Bloomberg explained on Meet The Press that “you pass a law letting immigrants come in as long as they agreed to go to Detroit and live there for five or 10 years. Start businesses, take jobs, whatever.”
The mayor is right that Detroit is losing citizens, and new Americans would find a city in Detroit that is affordable, but the reason that there are so few people in the city is because there are not many jobs left in Detroit.
And the jobs part is where this gets a little sketchy. Immigrants can get work on farms and in suburban areas, but Detroit has only a few jobs, and those are big-time union gigs. Likewise, many Americans are out of work, so new ideas that focus on jobs for immigrants and not citizens could be an issue.
I will be spending Monday morning (I am writing this on Sunday) with former AFL-CIO President John Sweeney, and in next week’s column I'll let you know what he thinks about the idea.
The other thing to remember is that, oh yeah, this is Detroit, and if immigrants want poor economic conditions, they can stay where they are. Bloomberg is pretty welcoming on the immigration issue, and he is trying to find a solution that does not involve locking the border or letting people flow in illegally. The idea is good if there were a jobs component.
Here’s a possible solution to the jobs component: if Detroit embraces the green initiatives that are coming from the federal government, there could be solar panel companies willing to manufacture in Detroit. With solar, thermal, and wind energy being the future, what better place to get it pumping than Detroit?
Only after that manufacturing ball gets rolling can we encourage any Americans – new or established – to relocate to what is now an economic ghost town.
Emerging Catholic Market in the US
The beatification of Pope John Paul II has again highlighted the popularity of the former pontiff, but it also shines a little light on the American Catholic Church.
Talk to devout Catholics, and while they usually won’t say much in the negative about Pope Benedict, they still refer to John Paul as The Pope. As to whether John Paul has performed the appropriate miracles in order to enter sainthood, one thing is clear: his life on earth was eventful and it had an impact.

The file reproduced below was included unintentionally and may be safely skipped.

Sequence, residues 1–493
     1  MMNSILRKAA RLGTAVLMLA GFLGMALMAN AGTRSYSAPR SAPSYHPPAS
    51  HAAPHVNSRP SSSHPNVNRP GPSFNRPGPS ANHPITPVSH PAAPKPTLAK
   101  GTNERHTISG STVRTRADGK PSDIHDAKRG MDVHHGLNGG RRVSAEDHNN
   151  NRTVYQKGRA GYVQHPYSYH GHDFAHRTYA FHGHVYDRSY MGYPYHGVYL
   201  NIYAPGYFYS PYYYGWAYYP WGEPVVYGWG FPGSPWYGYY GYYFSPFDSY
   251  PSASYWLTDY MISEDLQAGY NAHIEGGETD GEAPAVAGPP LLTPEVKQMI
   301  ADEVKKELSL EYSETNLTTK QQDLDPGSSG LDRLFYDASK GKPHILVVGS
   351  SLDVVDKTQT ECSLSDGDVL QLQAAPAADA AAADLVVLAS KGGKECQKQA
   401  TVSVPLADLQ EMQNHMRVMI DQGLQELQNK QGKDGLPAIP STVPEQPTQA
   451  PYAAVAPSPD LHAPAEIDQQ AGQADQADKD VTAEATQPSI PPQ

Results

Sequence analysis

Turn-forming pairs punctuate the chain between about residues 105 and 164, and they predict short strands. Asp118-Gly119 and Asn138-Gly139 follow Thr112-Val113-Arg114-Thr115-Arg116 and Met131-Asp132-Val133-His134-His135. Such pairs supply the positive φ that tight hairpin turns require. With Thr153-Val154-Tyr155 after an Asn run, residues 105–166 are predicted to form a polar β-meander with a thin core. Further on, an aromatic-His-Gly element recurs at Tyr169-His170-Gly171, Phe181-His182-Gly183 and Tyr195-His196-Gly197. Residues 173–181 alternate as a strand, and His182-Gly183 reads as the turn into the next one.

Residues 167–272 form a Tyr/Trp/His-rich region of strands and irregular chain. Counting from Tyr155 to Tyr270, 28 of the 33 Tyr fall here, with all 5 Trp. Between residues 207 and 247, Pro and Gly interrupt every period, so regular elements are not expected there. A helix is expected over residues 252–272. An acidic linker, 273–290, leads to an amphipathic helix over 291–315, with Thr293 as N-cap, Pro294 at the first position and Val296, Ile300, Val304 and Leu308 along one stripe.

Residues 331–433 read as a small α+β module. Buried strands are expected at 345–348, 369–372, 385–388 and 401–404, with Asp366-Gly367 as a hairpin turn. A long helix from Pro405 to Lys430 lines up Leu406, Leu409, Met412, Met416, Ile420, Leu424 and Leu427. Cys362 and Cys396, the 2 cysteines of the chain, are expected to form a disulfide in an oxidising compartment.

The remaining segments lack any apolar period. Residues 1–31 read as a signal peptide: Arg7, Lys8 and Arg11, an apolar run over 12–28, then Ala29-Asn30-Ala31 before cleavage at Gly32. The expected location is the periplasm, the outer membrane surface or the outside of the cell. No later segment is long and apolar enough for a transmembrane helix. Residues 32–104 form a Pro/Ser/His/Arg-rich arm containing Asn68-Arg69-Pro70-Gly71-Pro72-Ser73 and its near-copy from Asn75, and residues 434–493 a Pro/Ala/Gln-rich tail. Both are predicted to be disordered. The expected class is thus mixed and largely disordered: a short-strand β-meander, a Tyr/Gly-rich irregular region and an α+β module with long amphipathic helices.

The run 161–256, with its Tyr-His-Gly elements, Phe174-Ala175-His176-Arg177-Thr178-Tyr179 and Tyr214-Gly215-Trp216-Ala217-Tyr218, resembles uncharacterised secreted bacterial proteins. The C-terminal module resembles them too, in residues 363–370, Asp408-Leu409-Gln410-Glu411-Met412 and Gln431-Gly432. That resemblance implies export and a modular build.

The fall of communism, especially in his native Poland, should be the biggest part of his legacy. The church’s trouble with sex scandals is also a part of that legacy, and now that issue gets inherited by Benedict. It might be that an unsung part of John Paul’s legacy, despite these scandals, was that he was able to keep the Church from losing members.
What John Paul can take credit for, posthumously, is that there is such a bevy of young Catholics that were drawn to his charisma. Many of those young Catholics are Hispanic and many are new Americans.
As most of America’s immigration flow is coming from south of the border, the American Catholic Church is getting its energy from younger Hispanic Catholics. These younger Catholics from Spanish-speaking countries are more inclined to follow Church doctrine than some of the more assimilated Americans.
There has been a drop-off in most American Protestant churches as far as membership is concerned. This is not due to a lack of enthusiasm, but demography. The demographics of the country are changing, and the American Catholic Church is benefiting from that change.
John Paul referred to modern Catholics that lived outside of Church doctrine as “Cafeteria Catholics,” choosing which aspects they agreed to live by. In modern American society, the Cafeteria Catholicism that irked him is hard to avoid, but the immigrant class that comes from Catholic countries tends to follow Catholicism closer to holy doctrine, and that will eventually make Catholicism in America slightly different.
Hopefully, these Catholic families will take advantage of the excellent Catholic schools in the U.S., which will benefit both young students and the schools as well.